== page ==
In addition to the blogs, the website also has three lists of recommendations – Books, Recordings and Videos.
The format of the posts is more or less all the same. First comes the blog (i.e the audiofile), then a text about the topic with photos and scores, and finally a list of the albums played in the blog.
I recently interviewed Steven about his work with the website and what he wants to achieve with it.
In addition to Ellington Reflections, Steven is also working on a biography on Cootie Williams. “Williams was an giant of the trumpet; yet despite his stature in the jazz world, no one has previously written a full length biography.” So Steve has taken on the task to write one.
This is reflected in his presence on Facebook where he runs a Cootie Williams group. Steven also contributed to the Ellington Meeting 2021 with a presentation on Williams.
During his college years, he was teaching assistant for the legendary guitarist Kenny Burrell’s class on Duke Ellington
The Duke Book
Looking for some good “hi-res” DSD recordings of jazz for the holiday season, I came across The Duke Book recorded by the Dutch trumpeter/flugelhorn player Angelo Verploegen and drummer Jasper van Hulten.
The album was issued already in 2019 by Just Listen Records but it seems to be fairly unknown to the Ellington community.
It is a pity because listening to it is really worthwhile.. What Verploegen and van Hulten provide with the album is certainly not the most common interpretations of Ellington standards but very creative and interesting. Start by listening to Blues In Blueprint.
There is a lot of truth in what a writer wrote in a promotional text on the Just Listen Records’ website: “As a listener you are encouraged to play an active role: unnoticed you give your own musicality a place in between the game of the flugelhorn and the drums. Free as a bird you can spontaneously fantasize your own melodic lines.”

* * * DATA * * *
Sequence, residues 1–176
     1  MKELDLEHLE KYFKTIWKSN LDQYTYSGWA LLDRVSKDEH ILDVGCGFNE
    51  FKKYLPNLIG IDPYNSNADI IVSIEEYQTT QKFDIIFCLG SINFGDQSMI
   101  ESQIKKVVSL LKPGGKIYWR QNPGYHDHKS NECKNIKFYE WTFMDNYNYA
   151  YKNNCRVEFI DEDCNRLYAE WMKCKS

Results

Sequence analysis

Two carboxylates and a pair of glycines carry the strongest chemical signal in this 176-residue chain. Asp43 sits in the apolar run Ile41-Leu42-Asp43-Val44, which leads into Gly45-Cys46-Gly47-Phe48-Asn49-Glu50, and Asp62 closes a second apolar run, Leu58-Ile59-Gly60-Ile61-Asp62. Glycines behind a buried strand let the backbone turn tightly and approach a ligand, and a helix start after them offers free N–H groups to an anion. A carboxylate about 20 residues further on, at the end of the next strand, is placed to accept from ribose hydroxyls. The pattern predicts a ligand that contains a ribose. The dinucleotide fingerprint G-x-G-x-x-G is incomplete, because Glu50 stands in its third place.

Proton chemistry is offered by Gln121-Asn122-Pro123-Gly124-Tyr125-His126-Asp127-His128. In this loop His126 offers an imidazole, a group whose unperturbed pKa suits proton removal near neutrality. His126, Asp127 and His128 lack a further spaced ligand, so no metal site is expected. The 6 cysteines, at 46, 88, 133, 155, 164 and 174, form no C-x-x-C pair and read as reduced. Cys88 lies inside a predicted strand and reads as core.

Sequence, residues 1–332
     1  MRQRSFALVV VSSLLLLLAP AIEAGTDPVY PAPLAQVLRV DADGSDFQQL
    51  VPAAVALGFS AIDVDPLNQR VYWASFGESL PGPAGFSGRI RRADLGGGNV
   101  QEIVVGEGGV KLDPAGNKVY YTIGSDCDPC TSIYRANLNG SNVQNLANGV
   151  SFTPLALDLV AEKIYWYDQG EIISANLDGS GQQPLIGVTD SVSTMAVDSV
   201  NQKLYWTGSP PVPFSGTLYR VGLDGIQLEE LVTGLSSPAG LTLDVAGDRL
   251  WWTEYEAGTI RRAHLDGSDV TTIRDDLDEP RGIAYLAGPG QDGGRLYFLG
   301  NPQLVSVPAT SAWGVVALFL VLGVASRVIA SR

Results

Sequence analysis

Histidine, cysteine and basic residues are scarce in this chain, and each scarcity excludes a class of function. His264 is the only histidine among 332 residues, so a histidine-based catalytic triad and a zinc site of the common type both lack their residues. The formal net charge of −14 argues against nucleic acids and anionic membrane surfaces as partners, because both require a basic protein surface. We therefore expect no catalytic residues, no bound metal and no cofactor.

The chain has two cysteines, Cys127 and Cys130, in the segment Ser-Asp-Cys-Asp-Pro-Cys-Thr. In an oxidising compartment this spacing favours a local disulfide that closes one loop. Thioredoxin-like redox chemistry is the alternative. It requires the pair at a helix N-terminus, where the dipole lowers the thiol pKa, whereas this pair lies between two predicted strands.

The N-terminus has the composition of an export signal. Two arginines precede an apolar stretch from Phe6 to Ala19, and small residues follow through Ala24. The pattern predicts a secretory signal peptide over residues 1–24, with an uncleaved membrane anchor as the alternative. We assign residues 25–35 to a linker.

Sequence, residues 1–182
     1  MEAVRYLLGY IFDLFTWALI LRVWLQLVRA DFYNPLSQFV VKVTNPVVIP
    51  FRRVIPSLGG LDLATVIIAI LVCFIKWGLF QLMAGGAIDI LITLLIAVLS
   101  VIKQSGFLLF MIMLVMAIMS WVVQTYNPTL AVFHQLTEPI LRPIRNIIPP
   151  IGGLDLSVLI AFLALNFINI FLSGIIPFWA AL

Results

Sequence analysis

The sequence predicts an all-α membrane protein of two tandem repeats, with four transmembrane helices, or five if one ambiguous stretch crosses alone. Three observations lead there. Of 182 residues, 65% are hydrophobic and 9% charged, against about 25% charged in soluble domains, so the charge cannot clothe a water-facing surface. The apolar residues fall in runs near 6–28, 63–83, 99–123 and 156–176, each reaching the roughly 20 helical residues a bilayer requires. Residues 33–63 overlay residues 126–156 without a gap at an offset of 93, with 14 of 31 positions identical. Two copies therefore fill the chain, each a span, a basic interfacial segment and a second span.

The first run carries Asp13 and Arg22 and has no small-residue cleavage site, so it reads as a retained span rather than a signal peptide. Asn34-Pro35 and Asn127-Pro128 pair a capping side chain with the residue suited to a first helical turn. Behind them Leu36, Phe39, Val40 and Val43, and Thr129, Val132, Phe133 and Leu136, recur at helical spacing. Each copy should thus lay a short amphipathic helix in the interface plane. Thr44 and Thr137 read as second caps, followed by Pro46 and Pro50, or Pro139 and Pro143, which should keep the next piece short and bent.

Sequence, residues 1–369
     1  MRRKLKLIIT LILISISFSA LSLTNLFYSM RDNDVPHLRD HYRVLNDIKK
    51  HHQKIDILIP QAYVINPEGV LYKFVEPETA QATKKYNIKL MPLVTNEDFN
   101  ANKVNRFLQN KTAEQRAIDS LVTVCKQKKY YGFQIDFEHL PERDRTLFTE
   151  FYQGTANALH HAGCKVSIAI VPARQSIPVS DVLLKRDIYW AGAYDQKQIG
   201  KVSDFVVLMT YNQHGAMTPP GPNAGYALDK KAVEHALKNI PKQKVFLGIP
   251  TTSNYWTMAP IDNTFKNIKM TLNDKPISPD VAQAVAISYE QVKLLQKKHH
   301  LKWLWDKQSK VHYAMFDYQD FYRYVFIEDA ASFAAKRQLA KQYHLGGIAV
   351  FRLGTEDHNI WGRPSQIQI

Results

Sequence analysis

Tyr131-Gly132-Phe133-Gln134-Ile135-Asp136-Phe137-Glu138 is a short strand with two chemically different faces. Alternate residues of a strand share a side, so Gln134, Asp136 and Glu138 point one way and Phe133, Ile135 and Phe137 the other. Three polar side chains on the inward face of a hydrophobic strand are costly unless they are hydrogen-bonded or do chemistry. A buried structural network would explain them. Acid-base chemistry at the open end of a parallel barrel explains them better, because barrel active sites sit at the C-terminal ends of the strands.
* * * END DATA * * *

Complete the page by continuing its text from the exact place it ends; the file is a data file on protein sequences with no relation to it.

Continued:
Once I had listened to the CD a couple of times and digested this way of playing Ellington, I come to think of the Calefax Reed Quintet, which I heard at the Ellington 2014 conference in Amsterdam. It also demonstrated how to interpret Ellington in a new way and widen the perspectives of the Maestro’s music?
Why is it only Dutch groups interpreting Ellington is this way?
Anyhow, let’s listen to what Verploegen and van Hulten have to say about the album.
The album exists in different versions The best is to go to the website of Native DSD (https://www.nativedsd.com), which sells it in different versions.. If one has a setup to play DSD files, one should really buy the DSD 256 version. The sound is magnificent!
However, the album is also available in traditional CD format from NativeDSD and on Spotify and other streaming sites.
Seasonal Greetings 2021
The website team – Anders and Ulf – wish all DESS members and other friends of Duke Ellington Merry Christmas and A Happy New Year.
We are looking forward to seeing you in 2022 on the website, in the DESScafé and at the Ellington Meeting 2022. Don’t forget to pay your membership fee to DESS to get the DESS Bulletin and keep the website with its many articles, resources and goodies going.